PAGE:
- [Mach., Naut.]the part of the rope of a tackle to which the power is applied in hoisting.
- [Hunting.]a deadfall.
- the long soft hair that hangs over the forehead and eyes of certain terriers.
- [Armor.]a pivoted peak projecting over the face opening of a burgonet.
- the sign of the zodiac in which the most negative influence of a planet is expressed (as opposed to exaltation).
- rock or ore that has collapsed from a roof, hanging wall, or the sides of a passage.
Outout (out),USA pronunciation adv.
- away from, or not in, the normal or usual place, position, state, etc.: out of alphabetical order; to go out to dinner.
- away from one's home, country, work, etc., as specified: to go out of town.
- in or into the outdoors: to go out for a walk.
- to a state of exhaustion, extinction, or depletion: to pump a well out.
- to the end or conclusion;
to a final decision or resolution: to say it all out.
- to a point or state of extinction, nonexistence, etc.: to blow out the candle; a practice on the way out.
- in or into a state of neglect, disuse, etc.;
not in current vogue or fashion: That style has gone out.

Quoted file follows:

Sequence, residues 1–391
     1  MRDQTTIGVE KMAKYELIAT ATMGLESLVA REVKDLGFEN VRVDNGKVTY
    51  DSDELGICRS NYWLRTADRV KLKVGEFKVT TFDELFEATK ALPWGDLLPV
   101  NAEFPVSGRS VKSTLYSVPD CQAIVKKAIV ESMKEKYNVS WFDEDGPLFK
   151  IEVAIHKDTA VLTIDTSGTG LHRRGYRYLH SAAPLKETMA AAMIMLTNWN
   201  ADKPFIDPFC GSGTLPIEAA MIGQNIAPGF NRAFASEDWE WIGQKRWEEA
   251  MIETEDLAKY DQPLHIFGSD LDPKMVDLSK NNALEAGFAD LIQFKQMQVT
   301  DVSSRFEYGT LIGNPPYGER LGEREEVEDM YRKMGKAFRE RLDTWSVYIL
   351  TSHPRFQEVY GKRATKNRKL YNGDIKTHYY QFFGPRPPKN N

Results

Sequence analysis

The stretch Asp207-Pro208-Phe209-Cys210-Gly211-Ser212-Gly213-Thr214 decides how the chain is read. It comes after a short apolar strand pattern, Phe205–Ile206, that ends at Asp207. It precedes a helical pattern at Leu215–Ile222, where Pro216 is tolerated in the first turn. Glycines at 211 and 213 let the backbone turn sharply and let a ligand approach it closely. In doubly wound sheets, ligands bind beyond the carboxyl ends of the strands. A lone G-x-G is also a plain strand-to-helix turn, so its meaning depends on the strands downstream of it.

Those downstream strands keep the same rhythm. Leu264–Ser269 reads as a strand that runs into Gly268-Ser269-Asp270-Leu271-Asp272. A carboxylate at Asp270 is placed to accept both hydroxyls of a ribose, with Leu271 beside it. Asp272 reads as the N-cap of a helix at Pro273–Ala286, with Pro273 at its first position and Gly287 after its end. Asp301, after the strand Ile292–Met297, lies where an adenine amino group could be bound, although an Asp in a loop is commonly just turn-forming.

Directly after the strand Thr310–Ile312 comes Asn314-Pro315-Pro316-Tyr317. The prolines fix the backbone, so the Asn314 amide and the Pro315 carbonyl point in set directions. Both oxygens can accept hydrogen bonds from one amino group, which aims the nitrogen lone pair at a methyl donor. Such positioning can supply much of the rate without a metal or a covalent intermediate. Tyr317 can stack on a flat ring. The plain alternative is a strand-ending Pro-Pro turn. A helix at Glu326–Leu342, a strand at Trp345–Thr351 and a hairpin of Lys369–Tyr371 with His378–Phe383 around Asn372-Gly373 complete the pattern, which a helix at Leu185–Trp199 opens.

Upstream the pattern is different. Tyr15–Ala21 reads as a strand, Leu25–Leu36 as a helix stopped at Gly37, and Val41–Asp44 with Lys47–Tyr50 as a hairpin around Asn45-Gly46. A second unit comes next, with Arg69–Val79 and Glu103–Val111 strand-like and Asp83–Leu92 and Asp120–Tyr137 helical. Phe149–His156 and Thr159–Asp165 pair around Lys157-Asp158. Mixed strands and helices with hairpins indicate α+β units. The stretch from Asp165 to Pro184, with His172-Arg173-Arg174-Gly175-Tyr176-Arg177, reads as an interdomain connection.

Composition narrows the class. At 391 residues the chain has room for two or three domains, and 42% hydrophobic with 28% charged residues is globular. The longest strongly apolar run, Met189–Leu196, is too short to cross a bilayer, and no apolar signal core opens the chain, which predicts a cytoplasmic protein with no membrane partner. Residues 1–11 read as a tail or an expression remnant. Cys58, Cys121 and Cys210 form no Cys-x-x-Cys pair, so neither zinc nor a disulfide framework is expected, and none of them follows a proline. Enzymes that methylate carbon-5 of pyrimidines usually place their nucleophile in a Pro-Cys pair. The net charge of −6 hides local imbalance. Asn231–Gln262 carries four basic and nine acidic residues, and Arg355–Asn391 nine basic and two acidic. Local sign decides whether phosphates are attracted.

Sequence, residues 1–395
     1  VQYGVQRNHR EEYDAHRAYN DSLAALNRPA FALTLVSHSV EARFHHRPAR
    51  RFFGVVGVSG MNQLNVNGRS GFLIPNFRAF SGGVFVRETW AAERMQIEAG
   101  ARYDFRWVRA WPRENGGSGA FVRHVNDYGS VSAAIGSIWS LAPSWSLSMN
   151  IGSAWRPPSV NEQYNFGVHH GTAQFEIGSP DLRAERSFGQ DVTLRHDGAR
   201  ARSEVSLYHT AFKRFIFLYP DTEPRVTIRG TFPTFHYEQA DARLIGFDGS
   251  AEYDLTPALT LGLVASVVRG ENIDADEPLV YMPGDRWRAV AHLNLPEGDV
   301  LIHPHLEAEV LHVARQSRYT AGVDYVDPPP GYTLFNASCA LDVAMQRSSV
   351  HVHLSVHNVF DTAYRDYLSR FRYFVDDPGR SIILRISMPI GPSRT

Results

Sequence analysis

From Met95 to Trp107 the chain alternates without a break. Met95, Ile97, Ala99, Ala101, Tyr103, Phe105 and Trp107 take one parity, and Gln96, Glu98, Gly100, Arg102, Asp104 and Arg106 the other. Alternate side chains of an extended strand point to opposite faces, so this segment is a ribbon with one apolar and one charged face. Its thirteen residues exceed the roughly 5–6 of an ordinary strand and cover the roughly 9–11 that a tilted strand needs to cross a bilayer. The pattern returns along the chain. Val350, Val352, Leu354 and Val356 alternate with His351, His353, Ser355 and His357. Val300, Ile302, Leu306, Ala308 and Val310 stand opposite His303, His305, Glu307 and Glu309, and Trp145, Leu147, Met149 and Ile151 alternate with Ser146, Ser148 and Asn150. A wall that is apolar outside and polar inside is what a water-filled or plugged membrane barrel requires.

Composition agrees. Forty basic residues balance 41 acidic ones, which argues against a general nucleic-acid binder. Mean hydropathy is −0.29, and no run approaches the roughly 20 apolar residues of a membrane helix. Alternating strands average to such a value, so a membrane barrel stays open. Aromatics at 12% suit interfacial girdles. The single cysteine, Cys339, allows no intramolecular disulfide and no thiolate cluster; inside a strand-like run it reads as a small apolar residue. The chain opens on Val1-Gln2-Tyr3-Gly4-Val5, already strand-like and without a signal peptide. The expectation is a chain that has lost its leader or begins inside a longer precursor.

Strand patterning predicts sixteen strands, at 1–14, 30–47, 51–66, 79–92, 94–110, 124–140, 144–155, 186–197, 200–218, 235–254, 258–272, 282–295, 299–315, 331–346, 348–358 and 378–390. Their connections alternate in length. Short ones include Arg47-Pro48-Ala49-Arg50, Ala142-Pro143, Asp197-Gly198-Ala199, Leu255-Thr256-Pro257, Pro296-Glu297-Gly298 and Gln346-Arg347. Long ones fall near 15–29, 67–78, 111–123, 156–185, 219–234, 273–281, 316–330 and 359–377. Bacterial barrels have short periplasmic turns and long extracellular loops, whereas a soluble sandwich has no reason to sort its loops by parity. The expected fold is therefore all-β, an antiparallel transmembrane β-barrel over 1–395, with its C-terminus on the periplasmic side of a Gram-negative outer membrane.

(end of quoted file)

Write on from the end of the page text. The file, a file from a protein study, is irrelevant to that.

- so as not to be in the normal or proper position or state;
out of joint: His back went out after his fall.
- in or into public notice or knowledge: The truth is out at last.
- seeking openly and energetically to do or have: to be out for a good time.
- not in present possession or use, as on loan: The librarian said that the book was still out.
- on strike: The miners go out at midnight.
- so as to project or extend: to stretch out; stick your tongue out.
- in or into activity, existence, or outward manifestation: A rash came out on her arm.
- from a specified source or material: made out of scraps.
- from a state of composure, satisfaction, or harmony: to be put out over trifles.